Stephen Jackson (GF – Golden State)
There's no injury to update here – just a reminder that Jackson will not suit up for the season's first seven games due to a suspension that resulted from his part in a shooting incident outside of an Indianapolis strip club.
Elton Brand (FC – LA Clippers)
Brand's keeper league owners let out a collective yelp when it was reported that he had ruptured his left Achilles tendon during a routine workout on August 3. He had surgery on August 7, and with it came an indefinite timetable for a return, although it's fairly safe to assume that the least amount of recovery time would be around six months (early February). Brand had his cast replaced with a walking boot on Tuesday, and he's expected to wear the boot for six weeks, at which time he will be re-evaluated. Brand himself has said that he'll be back this season "for sure", but you've got to weigh what you think he could do during the last month or six weeks against carrying an inactive player for most of the season. It's worth taking a chance on him in the later rounds at this point, as you can hold on to him at least until the boot comes off a few weeks into the season and doctors re-assess the situation.
Shaun Livingston (PG – LA Clippers)
Livingston suffered as extensive of an injury on February 26 as you'll see on the basketball court, tearing the ACL, PCL, and MCL in his left knee, while also dislocating it and causing cartilage damage. He was given an 8-12 month timeframe at the time of the injury, but it can't be much more than guesswork when you are projecting a return from injuries that extensive. Assume Livingston won't make an impact, and probably won't return at all, this coming season.
Lamar Odom (F – LA Lakers)
Odom played the last month of the season and in the playoffs with a torn labrum in his left shoulder before undergoing surgery on May 15 – he had a similar procedure in 2005, and needed five months to recover. Even if Odom isn't completely healthy at the start of camp – something that is likely – he should be at or near 100 percent by the start of the season.
Dwyane Wade (G – Miami)
Wade underwent two surgical procedures on May 15 – one for his dislocated left shoulder and the other to deal with tendinitis in his left knee. The projected six-month timetable for his rehab means he can return sometime in mid-November, and there hasn't been any news to this point to suggest that timeframe has changed for the better or worse. If you are drafting soon, assume he'll miss the first few weeks of the season completely, and that he'll take some time to get all the way back to 100 percent once he does return to the court. Obviously, updates on Wade's progress will be among the most anticipated this preseason.
Charlie Villanueva (F – Milwaukee)
Charlie V was healthy for roughly the first two weeks of the 2006-07 season – then he struggled with a variety of ailments before undergoing season-ending surgery to repair a torn labrum in his right shoulder on March 27. He'll have had six months of recovery time, so the injury shouldn't be limiting him once camp opens. Regardless of his health, Villanueva will face stiff competition for playing time from Yi Jianlian.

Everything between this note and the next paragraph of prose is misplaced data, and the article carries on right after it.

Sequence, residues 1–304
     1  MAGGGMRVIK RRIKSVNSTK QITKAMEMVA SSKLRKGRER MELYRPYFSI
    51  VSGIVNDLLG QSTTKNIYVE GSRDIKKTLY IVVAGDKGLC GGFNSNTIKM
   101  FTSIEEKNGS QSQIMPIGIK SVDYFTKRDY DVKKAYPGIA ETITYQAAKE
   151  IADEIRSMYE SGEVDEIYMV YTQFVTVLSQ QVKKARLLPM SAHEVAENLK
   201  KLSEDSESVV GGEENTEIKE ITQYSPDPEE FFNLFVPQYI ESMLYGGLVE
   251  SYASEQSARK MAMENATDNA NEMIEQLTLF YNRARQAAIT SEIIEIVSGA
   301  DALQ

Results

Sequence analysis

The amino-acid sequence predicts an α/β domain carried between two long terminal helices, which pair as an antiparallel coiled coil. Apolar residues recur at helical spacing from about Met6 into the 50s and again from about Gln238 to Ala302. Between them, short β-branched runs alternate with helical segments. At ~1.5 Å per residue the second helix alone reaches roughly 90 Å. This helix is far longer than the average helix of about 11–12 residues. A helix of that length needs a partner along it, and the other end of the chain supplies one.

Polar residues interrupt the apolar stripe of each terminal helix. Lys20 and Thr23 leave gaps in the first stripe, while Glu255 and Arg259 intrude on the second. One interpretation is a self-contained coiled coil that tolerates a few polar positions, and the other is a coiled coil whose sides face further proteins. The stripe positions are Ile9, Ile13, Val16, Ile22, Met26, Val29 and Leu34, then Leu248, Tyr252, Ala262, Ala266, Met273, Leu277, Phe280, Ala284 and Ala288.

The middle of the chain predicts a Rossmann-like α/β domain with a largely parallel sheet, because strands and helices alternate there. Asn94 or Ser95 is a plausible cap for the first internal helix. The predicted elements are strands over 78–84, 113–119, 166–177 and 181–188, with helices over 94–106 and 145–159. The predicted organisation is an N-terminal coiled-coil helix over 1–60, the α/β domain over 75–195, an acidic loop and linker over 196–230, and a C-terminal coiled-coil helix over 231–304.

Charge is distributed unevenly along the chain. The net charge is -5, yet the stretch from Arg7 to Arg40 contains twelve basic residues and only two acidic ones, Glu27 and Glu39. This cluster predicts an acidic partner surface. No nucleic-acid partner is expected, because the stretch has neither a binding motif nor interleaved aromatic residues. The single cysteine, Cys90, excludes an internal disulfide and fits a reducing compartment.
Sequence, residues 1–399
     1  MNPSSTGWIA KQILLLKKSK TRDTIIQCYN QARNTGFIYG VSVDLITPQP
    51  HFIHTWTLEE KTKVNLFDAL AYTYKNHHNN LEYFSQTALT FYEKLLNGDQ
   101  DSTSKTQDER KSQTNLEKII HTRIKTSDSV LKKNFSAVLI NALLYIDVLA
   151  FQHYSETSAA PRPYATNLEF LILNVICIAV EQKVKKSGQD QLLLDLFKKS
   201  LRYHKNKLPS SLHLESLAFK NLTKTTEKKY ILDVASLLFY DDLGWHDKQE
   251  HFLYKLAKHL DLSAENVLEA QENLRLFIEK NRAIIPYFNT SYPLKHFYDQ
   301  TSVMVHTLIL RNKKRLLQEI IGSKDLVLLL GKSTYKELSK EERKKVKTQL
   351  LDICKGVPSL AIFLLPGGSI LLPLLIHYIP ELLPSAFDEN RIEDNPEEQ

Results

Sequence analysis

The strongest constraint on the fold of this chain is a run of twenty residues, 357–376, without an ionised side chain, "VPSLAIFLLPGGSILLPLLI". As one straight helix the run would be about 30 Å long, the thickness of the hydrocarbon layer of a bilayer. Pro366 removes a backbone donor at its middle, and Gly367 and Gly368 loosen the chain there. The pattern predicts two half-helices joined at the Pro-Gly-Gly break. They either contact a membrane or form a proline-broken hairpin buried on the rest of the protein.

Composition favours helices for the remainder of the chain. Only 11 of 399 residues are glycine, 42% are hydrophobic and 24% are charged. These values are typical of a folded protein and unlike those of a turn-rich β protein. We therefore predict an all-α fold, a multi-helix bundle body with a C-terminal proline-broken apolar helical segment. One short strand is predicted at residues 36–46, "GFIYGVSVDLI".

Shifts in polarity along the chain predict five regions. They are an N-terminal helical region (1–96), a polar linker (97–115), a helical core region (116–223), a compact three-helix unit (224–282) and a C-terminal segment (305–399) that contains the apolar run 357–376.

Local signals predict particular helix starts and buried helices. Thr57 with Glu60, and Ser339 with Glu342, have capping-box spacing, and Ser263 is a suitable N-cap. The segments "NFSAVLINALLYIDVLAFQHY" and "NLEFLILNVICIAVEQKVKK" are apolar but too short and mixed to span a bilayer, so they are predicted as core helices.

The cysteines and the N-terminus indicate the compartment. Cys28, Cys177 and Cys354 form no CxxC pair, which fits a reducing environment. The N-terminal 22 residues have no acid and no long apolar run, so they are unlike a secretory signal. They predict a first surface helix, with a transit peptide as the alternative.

Bobby Simmons (GF – Milwaukee)
Simmons missed the entire 2006-07 season and underwent two surgeries on his right foot, one to remove bone spurs from his ankle and the other to remove a symptomatic cyst on his heel – the latter took place on January 12. He's had nine-plus months to rehab and, according to the USA Today, appears to be all the way back, as he's even been a participant in full-contact 5-on-5 games in his hometown of Chicago. Even if he's completely healthy, he'll have to compete for playing time at SF with newly-signed Desmond Mason.
Nenad Krstic (FC – New Jersey)
Krstic played just 26 games in the 2006-07 season before tearing the ACL in his left knee – he had surgery on January 10 and given a timeframe that had him ready for training camp. He worked out and practiced with the Nets' summer league team, but isn't going to be at full strength when camps open. "It's not my goal to be 100 percent the first day of training camp," said Krstic. "That's what I want for opening night." Give him a slight downgrade at this point and monitor the situation. Also of note: Krstic could wind up playing PF this season with Jamaal Magloire now on the Nets roster.
Chris Paul (PG – New Orleans)
Paul labored through much of the latter stages of the 2006-07 season with a stress fracture in his left foot. He had surgery on April 23, as doctors inserted a screw into his foot to help aid the healing process. The recovery time was estimated at around two months, and recent reports have been positive – according to the Times-Picayune, it was obvious "after the first few minutes" of a pickup game with teammates that Paul was moving as quickly as ever. He has been participating in volunteer workouts since last week, and should be 100 percent at the start of the season.
Peja Stojakovic (GF – New Orleans)
Peja's season ended on November 24 in 2006-07, just 13 games into the schedule, and he underwent back surgery on December 17. There was talk of an attempted return late last season, but he and the team wisely decided against it, and he's spent the summer rehabbing and working on his core strength. Hornets general manager Jeff Bower said "Peja is as motivated as anyone to get back on the floor and help this team. His summer has been good and he's made a lot of progress." Pay close attention to the early reports on Stojakovic – if he is or gets back to 100 percent, he could pay massive dividends as a mid-to-late round pick.
Quentin Richardson (GF – New York)
Richardson missed a total of 60 games over the past two seasons, mostly attributed to chronic back problems – he had a microdiskectomy on March 30 to remove fragments from a herniated disk and alleviate the pain. The recovery time for the procedure was estimated at three months, and all indications are that Richardson has fully recovered at this point. He is a good bet to be the Knicks' starting SF on opening night.